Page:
# Electric Dipole

## What is Electric Dipole?

An electric dipole is defined as a couple of opposite charges q and –q separated by a distance d. By default, the direction of electric dipoles in space is always from negative charge -q to positive charge q. The midpoint q and –q is called the centre of the dipole. The simplest example of an electric dipole is a pair of electric charges of two opposite signs and equal magnitude separated by distance.

## Visualizing Electric Dipole

Suppose there are two charges of equal magnitude ‘q’, separated by a distance, d. Let the first charge be negative and the second charge is positive. This combination can be called an electric dipole. Therefore, we can say that an electric dipole is created by the combination of equal and opposite charges by a separation of a certain distance.

An electric dipole is denoted by the symbol $\vec{p}$. We know that electric dipole is the product of the magnitude of the charges multiplied by the distance between them., and this can be mathematically represented as follows:

### The magnitude of an electric dipole is given as:

$\overrightarrow{p}$ = $Q \overrightarrow {d}$

### Direction of Electric Dipole Moment

The electric dipole moment is a vector quantity; it has a defined direction which is from the negative charge to the positive charge. Though, it is important to remember that this convention of direction is only followed in Physics. In Chemistry, the convention is taken to be opposite i.e. from positive to negative. The line along the direction of an electric dipole is called the axis of the dipole.

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### Electric potential due to a Dipole (V)

Suppose there are two charges –q, placed at A, and +q placed a B, separated by a distance d, forming a dipole. Suppose the midpoint of AB is O.

The Electric potential due to a dipole at any point P, such that OP = r will be:

 V = $\frac{1}{4\pi \epsilon } \frac{p cos \theta }{r^{2}}$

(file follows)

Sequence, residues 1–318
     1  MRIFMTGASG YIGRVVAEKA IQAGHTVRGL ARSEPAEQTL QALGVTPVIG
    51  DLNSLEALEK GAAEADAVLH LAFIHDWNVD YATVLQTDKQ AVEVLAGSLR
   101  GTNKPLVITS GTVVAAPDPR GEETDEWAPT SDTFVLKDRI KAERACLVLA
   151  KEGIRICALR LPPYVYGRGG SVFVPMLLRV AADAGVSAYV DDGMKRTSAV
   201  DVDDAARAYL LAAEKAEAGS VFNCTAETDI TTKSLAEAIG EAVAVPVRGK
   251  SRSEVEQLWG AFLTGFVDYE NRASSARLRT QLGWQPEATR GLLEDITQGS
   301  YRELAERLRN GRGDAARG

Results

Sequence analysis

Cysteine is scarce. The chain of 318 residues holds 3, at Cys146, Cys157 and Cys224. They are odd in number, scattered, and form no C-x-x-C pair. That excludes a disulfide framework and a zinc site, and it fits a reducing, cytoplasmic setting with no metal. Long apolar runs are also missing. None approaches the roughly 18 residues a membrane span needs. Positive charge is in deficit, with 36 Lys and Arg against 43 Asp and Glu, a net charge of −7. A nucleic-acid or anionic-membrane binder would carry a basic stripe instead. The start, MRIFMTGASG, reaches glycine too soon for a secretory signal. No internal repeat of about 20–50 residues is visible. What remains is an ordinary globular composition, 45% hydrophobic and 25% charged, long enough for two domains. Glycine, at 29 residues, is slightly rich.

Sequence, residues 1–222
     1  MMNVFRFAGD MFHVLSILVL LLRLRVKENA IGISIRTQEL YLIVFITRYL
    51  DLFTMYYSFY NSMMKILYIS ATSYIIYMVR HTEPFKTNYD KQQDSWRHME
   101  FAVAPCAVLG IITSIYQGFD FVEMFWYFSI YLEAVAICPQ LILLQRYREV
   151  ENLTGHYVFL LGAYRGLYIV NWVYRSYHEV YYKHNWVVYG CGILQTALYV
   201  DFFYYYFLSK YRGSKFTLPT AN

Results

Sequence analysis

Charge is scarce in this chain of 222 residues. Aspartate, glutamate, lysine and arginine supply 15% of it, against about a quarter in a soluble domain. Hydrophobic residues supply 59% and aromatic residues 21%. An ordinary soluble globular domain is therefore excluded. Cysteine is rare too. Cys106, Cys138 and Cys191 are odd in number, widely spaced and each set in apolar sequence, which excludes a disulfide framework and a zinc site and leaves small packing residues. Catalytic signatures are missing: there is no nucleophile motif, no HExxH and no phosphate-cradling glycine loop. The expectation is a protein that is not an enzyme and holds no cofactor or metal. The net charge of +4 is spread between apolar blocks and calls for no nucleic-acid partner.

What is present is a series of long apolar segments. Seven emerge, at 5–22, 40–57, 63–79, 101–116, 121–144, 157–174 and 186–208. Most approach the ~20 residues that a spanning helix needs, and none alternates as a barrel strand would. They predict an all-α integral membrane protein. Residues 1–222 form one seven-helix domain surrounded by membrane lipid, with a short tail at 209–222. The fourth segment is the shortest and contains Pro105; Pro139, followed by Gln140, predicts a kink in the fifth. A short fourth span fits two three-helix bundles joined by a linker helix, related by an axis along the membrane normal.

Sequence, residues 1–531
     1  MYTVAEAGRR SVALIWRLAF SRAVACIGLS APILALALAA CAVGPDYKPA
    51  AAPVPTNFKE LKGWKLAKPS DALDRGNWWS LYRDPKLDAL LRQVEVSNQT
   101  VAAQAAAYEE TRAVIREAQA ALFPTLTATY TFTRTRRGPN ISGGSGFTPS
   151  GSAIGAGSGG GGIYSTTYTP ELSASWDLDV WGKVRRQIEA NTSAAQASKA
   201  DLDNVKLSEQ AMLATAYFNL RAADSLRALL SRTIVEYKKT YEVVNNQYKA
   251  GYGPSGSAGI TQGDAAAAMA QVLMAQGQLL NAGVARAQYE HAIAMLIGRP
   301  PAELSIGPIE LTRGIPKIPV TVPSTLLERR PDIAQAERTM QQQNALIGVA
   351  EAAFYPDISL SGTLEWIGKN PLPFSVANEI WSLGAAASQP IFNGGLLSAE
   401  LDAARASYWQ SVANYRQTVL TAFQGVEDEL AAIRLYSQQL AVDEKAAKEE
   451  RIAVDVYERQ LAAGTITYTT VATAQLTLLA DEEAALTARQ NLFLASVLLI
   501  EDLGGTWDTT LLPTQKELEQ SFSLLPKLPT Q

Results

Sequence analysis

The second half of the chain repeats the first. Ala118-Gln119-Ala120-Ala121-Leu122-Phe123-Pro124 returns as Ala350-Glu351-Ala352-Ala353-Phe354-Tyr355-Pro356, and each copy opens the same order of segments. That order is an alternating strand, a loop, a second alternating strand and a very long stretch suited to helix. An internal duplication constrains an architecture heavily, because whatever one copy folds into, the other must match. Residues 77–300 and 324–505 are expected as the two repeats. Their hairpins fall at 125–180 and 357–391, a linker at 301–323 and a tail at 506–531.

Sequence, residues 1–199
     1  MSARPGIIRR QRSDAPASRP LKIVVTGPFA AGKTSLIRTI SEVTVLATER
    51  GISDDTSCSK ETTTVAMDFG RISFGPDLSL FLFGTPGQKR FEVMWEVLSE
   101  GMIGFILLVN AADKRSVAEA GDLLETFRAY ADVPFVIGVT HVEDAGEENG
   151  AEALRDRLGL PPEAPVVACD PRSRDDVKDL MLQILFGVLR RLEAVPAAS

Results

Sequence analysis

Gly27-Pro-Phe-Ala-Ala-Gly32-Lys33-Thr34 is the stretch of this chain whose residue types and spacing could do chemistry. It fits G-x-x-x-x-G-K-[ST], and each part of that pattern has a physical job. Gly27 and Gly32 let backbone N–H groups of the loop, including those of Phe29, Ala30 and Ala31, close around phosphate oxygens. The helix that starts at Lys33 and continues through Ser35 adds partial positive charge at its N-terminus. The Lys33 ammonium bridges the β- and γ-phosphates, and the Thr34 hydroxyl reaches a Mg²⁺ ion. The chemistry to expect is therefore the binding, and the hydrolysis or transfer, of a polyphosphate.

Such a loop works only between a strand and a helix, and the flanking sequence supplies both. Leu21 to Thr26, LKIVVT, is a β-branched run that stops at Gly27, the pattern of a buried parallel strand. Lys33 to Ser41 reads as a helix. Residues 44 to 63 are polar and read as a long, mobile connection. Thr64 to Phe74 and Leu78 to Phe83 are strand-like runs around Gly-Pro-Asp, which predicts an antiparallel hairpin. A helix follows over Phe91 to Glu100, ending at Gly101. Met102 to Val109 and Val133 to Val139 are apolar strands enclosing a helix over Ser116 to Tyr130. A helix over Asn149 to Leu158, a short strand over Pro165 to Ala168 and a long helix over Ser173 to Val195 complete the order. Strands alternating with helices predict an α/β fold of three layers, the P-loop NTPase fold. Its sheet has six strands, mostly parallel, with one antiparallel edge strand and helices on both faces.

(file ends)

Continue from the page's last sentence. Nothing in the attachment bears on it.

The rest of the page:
Case 1: If θ = 90°

 Electric potential = V = 0

Case 2: If θ = 0°

 Electric potential = V = $\frac{1}{4\pi \epsilon } \frac{p }{r^{2}}$

## Physical Significance of Dipole

Electric dipole is not only prominent in electrostatics but also in chemistry. In most molecules the centre of positive and negative charges coincide at the same point because of which the distance between two charges is zero. Carbon dioxide and methane fall under the category of zero dipole moment. This type of molecules are known as non-polar molecules. The molecules that have permanent dipole moment as the centre of positive and negative charge don’t coincide are called polar molecules.

If you would like to read more about polar and non-polar molecules, click on the link below:

## Frequently Asked Questions – FAQs

### What is the net force acting on a dipole placed in a uniform electric field?

The forces on the two charges constituting the dipole are equal and opposite. Hence, the net force is zero.

### What is the SI unit of the dipole moment?

The SI unit of dipole moment is Coulomb.meter

### When is the torque on a dipole maximum?

When the dipole is held perpendicular to the field, the torque is maximum.

### When is the torque on a dipole minimum?

When the dipole is parallel to the field, the torque on a dipole is minimum.

### Give an example of the electric dipole.

A pair of electric charge of two opposite signs and equal magnitude separated by a distance.

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#### 1 Comment

1. Super 👌 explanation